- Leave the filter: This will leave the filter on the target sheets as they are. Even after the filter is cleared, the target sheets will still show the filtered results from the last selection of the user.
- Show all values: Once the filter is cleared, this option will restore the original view of the target sheets by including all data points.
- Exclude all values: Once the filter is cleared, this option will clear the complete view of the target sheets by excluding all values. These cleared sheets will only be visible when we select another mark from the source sheet. This is the option that was chosen for the ManU viz.
Lastly, an URL action has been added to the viz. Note the sheet that sits in the bottom right-hand corner of the viz and simply shows a line of text, namely, “Read more: Manchester United Football Club”. When we click on the text, the URL action will take us to the official web page of the Manchester United Football Club. (In case you are wondering how this sheet was made, this is essentially a table that displays a string variable containing the above text, and has the marks style set to “shapes”, with the shape being the right-pointing triangle.)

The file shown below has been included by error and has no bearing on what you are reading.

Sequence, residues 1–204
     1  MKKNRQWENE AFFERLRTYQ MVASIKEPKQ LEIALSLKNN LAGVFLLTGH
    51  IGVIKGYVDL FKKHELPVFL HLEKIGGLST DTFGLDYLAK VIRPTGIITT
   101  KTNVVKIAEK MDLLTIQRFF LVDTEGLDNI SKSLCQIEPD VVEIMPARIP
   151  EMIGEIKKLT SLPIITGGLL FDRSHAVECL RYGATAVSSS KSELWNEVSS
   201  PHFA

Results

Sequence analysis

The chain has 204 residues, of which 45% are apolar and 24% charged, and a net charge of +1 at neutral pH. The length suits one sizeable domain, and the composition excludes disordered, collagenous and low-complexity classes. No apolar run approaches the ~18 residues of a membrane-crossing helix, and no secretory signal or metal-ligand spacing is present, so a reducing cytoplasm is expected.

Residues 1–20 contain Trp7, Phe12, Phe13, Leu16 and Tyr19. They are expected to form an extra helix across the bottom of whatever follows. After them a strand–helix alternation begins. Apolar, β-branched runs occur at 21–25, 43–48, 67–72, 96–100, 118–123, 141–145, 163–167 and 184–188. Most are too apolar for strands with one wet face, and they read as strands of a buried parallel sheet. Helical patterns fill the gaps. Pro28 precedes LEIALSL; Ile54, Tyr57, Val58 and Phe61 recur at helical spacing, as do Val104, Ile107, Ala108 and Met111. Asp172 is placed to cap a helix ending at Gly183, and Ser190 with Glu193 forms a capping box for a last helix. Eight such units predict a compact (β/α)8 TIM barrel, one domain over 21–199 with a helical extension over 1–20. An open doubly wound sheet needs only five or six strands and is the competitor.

To set up the URL action for it, we start just like with the other two types of actions, by going into the Dashboard menu and selecting Action…. Then we click the Add action> button and chose URL action. In the dialogue box we select the source sheet from where this action should run – in this case the sheet with the instruction text. We then put the URL of the webpage that we want to refer to into the URL box.
As you can see, it takes just a few clicks to add these different types of actions, but it makes the viz a lot richer. Designing a dashboard is like building a storyline, it has a theme, a flow and a goal. Actions allow you to elaborate on the storyline, sort of like a pop-up book. Applied judiciously in the right place and at the right time, it can makes the story you are telling, come alive! If you are a ManU fan, we hope you will enjoy following that story arch in the viz above. But if you support a different team, why not create your own interactive viz?